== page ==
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November 1, 2021
Here is a list of some of the best books by Indigenous authors recommended for you by the team at the Animikii. You’ll find psychological horror, history, and new perspectives on Truth and Reconciliation in this collection.
Know someone who would like one of these titles? Add a book to your holiday shopping list and find it at your local independent bookstore. Happy reading!
In Thunder Bay, Ontario, seven Indigenous high school students died over the course of eleven years. Tanya Talaga (Ojibwe-Cree) investigates the racism and human rights violations that led to these deaths and the challenge of educating Indigenous students hundreds of kilometres from their home communities.
Ma-Nee Chacaby tells her compelling and uplifting story as an Ojibwe-Cree lesbian and elder.
From her childhood in a remote Ojibwe community affected by poverty to leading the first ever gay pride parade in Thunder Bay, Chacaby shares her journey through the lens of overcoming the social, economic, and health legacies of colonialism.
This book tells the story of the Métis Nation from the 18th century rise in the Canadian North-West to present day discussions of national Truth and Reconciliation.
Author Jean Teillet is a lawyer, expert on Métis rights, and the great-grandniece of hero Louis Riel. She crafts a historical record of the vision of leaders like Riel and the resounding effects on Canadian society.
The inspiration for this book came from a viral article boiling down the nearly 150-year legacy of the Indian Act.
Author Bob Joseph (Gwawa’enuk) walks the reader through the legal document and explains how Indigenous Peoples can step out from under the Indian Act to return to self-government and self-reliance.
This post-apocalyptic novel by Waubgeshig Rice (Anishinaabe) transports the reader to a small northern Anishinaabe community as its power is cut off.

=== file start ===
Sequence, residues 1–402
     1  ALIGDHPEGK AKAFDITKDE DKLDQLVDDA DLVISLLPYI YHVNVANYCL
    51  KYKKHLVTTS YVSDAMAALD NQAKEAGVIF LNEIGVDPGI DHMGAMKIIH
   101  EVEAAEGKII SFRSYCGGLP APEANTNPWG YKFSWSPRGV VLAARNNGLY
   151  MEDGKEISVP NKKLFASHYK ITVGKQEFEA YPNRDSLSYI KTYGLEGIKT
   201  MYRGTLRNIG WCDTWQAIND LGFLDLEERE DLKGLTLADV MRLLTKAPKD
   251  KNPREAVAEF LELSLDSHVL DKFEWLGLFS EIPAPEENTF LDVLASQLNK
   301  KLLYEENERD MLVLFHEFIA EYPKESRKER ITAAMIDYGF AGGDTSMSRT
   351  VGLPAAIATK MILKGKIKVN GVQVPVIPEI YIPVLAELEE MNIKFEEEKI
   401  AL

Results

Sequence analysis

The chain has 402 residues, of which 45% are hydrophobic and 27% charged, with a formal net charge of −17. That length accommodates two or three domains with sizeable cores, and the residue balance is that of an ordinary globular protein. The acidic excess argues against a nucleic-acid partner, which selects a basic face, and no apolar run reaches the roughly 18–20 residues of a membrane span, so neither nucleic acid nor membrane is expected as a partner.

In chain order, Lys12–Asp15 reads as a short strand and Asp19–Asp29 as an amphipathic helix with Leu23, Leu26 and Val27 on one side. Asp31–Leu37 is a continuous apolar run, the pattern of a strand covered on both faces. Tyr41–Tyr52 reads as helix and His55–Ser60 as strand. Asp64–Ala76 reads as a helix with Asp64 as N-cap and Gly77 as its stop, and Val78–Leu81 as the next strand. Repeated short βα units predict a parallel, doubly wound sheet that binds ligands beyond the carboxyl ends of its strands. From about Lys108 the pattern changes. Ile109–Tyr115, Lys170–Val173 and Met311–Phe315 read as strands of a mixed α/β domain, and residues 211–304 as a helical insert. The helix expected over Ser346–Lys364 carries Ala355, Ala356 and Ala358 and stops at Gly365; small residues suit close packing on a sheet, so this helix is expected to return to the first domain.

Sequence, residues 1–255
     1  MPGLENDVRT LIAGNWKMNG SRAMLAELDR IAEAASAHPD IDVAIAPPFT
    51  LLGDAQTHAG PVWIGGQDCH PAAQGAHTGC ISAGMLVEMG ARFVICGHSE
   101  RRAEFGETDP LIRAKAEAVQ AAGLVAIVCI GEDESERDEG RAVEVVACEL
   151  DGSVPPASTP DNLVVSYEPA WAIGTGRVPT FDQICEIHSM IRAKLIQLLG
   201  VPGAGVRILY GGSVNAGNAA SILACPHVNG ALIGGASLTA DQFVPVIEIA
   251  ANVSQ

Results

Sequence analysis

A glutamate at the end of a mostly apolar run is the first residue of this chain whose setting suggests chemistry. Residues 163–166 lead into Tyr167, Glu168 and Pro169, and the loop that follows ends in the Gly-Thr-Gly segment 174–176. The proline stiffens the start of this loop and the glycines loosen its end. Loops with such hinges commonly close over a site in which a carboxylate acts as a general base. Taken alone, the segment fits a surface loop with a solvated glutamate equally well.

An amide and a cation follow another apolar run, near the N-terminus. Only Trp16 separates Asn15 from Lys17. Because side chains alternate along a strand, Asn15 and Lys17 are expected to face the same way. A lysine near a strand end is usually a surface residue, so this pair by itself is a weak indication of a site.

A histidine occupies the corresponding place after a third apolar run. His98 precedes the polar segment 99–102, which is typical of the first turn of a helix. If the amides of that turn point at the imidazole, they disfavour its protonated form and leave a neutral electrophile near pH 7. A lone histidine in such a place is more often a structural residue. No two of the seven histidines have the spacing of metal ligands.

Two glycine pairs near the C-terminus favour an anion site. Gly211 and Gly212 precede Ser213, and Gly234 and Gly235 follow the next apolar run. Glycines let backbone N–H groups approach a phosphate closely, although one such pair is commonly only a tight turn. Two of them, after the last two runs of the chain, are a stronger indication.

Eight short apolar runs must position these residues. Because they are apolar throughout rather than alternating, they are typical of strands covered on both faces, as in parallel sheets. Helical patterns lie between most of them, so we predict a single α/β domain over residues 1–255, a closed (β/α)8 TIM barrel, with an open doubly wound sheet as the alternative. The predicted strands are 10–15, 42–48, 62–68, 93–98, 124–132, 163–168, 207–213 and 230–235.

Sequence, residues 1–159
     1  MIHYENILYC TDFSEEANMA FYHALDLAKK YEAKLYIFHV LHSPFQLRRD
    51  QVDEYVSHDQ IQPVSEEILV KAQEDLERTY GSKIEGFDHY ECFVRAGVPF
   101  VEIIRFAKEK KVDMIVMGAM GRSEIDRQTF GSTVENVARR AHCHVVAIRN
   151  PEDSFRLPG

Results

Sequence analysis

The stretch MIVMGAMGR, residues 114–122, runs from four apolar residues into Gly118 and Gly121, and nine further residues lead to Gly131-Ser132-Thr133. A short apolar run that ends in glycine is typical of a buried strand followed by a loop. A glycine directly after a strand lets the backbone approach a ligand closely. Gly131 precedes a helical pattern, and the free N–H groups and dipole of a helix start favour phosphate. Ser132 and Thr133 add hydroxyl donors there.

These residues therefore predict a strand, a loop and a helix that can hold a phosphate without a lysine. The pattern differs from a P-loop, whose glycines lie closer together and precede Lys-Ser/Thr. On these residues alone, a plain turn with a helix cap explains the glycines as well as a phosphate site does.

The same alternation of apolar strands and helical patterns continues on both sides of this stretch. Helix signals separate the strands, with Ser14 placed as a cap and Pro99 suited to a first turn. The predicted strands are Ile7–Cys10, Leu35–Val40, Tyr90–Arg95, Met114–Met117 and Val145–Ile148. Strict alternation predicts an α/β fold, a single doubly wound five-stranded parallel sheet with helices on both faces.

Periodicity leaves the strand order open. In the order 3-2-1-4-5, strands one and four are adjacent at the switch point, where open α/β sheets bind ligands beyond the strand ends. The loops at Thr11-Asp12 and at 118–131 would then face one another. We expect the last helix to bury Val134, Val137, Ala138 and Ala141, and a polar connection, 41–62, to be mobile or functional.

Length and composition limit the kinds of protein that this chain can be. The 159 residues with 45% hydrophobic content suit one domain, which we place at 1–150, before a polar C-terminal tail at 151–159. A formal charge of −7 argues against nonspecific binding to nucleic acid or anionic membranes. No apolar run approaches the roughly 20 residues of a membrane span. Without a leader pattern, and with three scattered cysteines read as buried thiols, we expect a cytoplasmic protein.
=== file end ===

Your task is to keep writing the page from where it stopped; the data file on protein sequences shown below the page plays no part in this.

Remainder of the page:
As unexpected guests begin to arrive from the south, the community turns to Anishinaabe traditions of the land to survive and thrive again.
Cherokee-Greek author Thomas King has built a reputation for his conversational storytelling and tongue-in-cheek analysis of government policy and Indigenous Peoples.
The Inconvenient Indian is his account of Indigenous-White relations since first contact. For readers new to the learning about Indigenous Peoples in North America, this is an unmissable book.
The Only Good Indians is a masterpiece in typical Stephen Graham Jones style–equal parts psychological horror and social commentary on identity politics.
The Blackfeet author follows the story of four American Indian men who are haunted by a disturbing event from their youth. This is a must-read for psychological horror novel fans.
Broadcaster and author Jesse Wente (Ojibwe) advocates for Truth over Reconciliation in this memoir/manifesto.
With critical analysis of cultural appropriation, Indigenoius identity and sovereignty, Wente makes a compelling case for future relationships between Canada and Indigenous Peoples.
A collection of essays by Alicia Elliot (Haudenosaunee) explores the author’s experience with intergenerational trauma while delving into the legacy of colonialism.
Expect to be delighted by Elliot’s weaving of stories about parenthood, mental illness, the history of dark matter, racism in the court system, and much more.
Botanist Robin Wall Kimmerer of the Citizen Potawatomi Nation embraces the notion that plants and animals are our oldest teachers.
Kimmerer shares her experiences as a mother and an Indigenous scientist through the lens of demanding a stronger ecological consciousness.
Elaine Alec (Sylix, Secwepemc) wrote Calling My Spirit Back to explore the idea of Indigenous healing.
Stories from elders, language speakers, and medicine people form the foundation of self-love and individual healing practices in this work.
One Drum was completed from a manuscript left behind when Wagamese passed away in 2017, which draws from fundamental Ojibwe Grandfather Teachings to explore humility, respect, and courage.
Animikii challenges you to read one book from an Indigenous author you haven’t read before. Check out the Indigenous Reads Challenge from our friends at The Next 150 for more inspiration.
November 1, 2021
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